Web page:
With a standard immune response, other cells chew up bound antibodies, and whatever they are hanging onto. This does not happen with vaccines for drugs; the antibodies just stay latched to the drug molecules. But now the drug molecule is much bigger since it has an antibody stuck to it. So big, that the bound drug can't get into the brain to do any harm. Neither can it interact with anything else in the body.
A few party crashers help withdrawal
The intended use of NicVAX, and other drug vaccines in development, is to help people quit and stay clean.
In a small preliminary study, 40 per cent of smokers on NicVAX quit, as compared to a 9 per cent quit rate of those on a placebo (fake drug). "That differential was the largest differential of any smoking cessation product ever tested," Tom Rathjen, vice-president of investor relations for Nabi Biopharmaceuticals, told The Tyee.
Great results, even when some of the nicotine is getting to the brain.
Shutting out the drug completely from the brain was the initial idea, but the antibodies made from NicVAX let a little nicotine through -- which actually isn't so bad. The small amount of nicotine that gets through lessens withdrawal symptoms, and for reasons that are not entirely clear, the entry of unbound nicotine into the brain is also slowed. This slowing of nicotine entry also reduces its addictive strength.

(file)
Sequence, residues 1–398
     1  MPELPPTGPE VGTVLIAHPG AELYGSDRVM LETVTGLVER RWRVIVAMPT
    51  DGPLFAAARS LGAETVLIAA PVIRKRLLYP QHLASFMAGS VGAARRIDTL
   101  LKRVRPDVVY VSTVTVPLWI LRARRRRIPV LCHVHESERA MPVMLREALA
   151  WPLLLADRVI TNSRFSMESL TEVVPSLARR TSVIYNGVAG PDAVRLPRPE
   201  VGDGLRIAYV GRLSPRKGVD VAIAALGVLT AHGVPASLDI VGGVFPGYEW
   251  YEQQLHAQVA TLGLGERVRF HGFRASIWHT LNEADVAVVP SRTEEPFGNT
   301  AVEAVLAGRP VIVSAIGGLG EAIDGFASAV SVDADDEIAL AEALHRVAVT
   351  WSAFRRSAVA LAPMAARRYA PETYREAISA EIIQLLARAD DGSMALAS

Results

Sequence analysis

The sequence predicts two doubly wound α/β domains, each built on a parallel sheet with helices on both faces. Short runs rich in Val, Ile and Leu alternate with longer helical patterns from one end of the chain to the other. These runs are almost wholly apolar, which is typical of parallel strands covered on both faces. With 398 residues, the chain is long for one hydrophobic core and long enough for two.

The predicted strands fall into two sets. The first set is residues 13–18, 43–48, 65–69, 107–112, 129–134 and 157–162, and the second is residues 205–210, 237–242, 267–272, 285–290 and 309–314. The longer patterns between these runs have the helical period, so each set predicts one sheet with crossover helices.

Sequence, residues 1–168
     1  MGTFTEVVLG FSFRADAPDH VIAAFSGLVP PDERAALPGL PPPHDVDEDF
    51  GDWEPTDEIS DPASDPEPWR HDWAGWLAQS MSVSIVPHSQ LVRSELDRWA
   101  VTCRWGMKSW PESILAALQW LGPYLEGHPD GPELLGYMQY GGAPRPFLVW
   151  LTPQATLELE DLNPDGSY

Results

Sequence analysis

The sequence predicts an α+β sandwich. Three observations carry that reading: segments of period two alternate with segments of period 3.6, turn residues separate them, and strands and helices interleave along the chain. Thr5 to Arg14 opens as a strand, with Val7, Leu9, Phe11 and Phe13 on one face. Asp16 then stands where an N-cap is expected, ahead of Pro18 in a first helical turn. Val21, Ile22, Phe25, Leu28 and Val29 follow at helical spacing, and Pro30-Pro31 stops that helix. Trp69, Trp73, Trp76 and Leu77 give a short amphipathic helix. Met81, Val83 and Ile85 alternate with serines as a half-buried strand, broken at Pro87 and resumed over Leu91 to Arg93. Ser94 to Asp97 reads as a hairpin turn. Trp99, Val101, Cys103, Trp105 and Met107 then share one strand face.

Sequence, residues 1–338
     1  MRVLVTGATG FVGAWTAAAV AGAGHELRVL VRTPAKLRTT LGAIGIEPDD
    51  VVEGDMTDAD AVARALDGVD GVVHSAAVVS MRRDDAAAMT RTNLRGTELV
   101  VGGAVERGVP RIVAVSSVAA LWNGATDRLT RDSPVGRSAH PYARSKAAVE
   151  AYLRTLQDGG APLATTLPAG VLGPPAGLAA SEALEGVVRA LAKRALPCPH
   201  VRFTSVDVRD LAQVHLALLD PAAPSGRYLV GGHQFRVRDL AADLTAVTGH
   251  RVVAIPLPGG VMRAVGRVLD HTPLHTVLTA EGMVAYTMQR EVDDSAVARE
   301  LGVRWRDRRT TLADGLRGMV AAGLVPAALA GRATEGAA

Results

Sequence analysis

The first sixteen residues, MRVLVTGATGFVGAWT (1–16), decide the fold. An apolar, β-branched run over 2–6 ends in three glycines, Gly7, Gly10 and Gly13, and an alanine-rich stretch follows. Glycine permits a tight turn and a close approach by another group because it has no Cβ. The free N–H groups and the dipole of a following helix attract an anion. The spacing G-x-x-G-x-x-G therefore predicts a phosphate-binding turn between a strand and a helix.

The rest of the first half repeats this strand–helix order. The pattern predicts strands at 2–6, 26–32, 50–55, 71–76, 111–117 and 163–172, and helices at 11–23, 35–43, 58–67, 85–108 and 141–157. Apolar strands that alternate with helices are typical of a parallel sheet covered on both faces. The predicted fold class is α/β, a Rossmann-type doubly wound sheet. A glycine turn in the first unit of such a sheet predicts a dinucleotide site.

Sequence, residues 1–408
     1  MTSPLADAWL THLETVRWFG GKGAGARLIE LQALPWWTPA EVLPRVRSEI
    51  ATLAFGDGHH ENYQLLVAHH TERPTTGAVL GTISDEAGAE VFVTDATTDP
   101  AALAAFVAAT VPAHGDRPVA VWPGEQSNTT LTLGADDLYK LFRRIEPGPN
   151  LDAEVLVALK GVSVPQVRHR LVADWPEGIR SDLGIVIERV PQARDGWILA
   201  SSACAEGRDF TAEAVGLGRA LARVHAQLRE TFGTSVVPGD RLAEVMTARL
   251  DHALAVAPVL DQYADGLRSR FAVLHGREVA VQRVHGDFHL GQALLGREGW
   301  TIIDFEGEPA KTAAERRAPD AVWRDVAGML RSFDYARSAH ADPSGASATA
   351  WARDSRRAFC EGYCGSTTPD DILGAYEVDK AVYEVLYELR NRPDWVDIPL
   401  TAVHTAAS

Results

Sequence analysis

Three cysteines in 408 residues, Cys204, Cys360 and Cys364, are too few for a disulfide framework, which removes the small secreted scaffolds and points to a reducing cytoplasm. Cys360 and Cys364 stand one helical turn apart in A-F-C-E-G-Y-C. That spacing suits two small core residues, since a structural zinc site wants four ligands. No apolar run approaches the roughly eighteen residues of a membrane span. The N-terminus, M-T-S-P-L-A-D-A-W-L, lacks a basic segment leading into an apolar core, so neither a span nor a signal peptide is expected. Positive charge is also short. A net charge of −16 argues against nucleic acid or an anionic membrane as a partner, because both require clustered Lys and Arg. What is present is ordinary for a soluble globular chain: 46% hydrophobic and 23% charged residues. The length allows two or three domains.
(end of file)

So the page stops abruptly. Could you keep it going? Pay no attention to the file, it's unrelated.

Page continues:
"The reinforcing properties of nicotine are greatest in the first few seconds or minutes after a puff of a cigarette," Pentel told The Tyee. "If it's possible to slow the entry of nicotine into the brain, this could potentially reduce its subjective and its addictive effects."
But I don't like needles
Physicians have concerns with drug vaccines, like NicVAX, beyond possible allergic reactions that come with any vaccine. With a vaccine against a drug, whenever the drug is taken, bunches of antibody-drug formations fill the blood stream. When more than one antibody binds to a drug, the resulting clump, called an antigen-antibody complex, can cause problems.
Dr. David Marsh, who is the head of Addiction Services for Vancouver Coastal Health, expressed concern that drug vaccine studies have not always looked at antigen-antibody complex effects because they are difficult to study. "I'm not sure if the trials to date have addressed the potential risks of that, like glomerular nephritis (kidney problems), or other problems that antigen-antibody complexes are known to cause."